Wednesday, October 20

How to identify your biological clock thanks to confinement and how that helps your health


The biological clock is the internal mechanism of every living being that gives it temporal orientation. More than a machine, it is a set of organic functions closely related to the rhythm of our life.

As indicated in Efe Health, biological rhythms affect the performance we can have in the sport, our work, at rest, and also when eating. If so, knowing our biological clock in greater depth can help us a lot.

How to identify our biological clock?

We can understand our biological clock by identify the body’s patterns of activity and inactivity, or what is the same, identify the periods of the day when we are more or less active for certain tasks.

Daytime people occupy the morning and noon to carry out their most demanding activities, like physical exercise, work, and also study. At this time of the day they are metabolically active, which also helps with their diet.

Evening people are characterized by being more active during the afternoon, taking the night as a period of rest and rest. These people can work and be physically active more easily during this time because they will feel more energetic.

By last, nocturnal people carry out the heaviest daily activities at night, reserving the day to rest and recharge. Of course, they are not as common to find as daytime or evening ones.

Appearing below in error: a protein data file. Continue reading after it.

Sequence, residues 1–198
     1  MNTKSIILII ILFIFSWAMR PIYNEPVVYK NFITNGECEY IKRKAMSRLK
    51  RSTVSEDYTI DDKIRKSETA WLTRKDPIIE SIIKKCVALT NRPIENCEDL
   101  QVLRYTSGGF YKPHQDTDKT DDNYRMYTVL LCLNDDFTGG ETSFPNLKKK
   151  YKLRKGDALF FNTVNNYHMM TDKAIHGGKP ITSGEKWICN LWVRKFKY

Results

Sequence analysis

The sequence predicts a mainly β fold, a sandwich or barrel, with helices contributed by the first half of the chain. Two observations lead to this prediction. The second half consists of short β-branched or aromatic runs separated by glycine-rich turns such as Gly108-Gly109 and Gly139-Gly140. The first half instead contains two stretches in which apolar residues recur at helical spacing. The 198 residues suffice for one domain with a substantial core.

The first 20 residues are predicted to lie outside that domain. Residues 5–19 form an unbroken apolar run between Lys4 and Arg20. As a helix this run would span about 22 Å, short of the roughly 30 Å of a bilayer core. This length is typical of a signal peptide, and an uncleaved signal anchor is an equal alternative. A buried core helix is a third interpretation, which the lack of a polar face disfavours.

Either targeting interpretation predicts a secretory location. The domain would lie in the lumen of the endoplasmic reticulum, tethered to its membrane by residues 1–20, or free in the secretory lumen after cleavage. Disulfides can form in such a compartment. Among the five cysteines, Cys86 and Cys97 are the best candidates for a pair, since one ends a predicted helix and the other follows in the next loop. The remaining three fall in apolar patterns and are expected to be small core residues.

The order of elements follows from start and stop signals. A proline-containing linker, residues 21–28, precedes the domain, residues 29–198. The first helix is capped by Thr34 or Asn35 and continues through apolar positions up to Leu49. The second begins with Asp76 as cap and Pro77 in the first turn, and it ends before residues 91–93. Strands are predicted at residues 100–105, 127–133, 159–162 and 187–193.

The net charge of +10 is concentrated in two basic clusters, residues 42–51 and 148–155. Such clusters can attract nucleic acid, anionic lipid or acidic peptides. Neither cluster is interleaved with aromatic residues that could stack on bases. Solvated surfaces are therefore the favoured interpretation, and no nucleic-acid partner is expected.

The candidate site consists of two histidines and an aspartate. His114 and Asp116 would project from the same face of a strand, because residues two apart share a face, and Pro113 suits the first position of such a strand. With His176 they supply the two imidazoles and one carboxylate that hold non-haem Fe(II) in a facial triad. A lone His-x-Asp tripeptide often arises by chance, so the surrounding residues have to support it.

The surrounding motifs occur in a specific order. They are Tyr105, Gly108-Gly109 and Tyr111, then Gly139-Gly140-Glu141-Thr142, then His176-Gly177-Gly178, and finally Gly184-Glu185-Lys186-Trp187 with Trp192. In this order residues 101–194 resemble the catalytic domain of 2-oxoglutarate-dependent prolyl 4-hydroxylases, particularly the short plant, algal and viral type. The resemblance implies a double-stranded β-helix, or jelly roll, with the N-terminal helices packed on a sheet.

How to use the biological clock for the benefit of health

Once we know the characteristics of our biological clock, the best we can do is adapt the hours of physical activity to our highest performance cycles, this in order to make the most of these cycles.

biological clock
Some people tend to be more active at night, although this is unusual. Source: Shutterstock

For most people the best time to do physical activity is in the afternoon, and this happens because they would have the necessary amount of energy to carry out their routines in a comfortable and adequate way for them.

On the other hand, it is important respect the moments to eat because this is directly related to our metabolic capacity. It is not exactly healthy to have breakfast at noon, nor is it healthy to have lunch at 4 or 5 in the afternoon.

Snacks between meals alter our biological clock and prevent it from stabilizing satisfactorily. Also, depending on what we eat, they can mean unnecessary fat intake.

Knowing our highest performance hours will help us to better organize ourselves in terms of work, but also in relation to physical exercise and diet, which will have a positive impact on health in this context of pandemic and after it.

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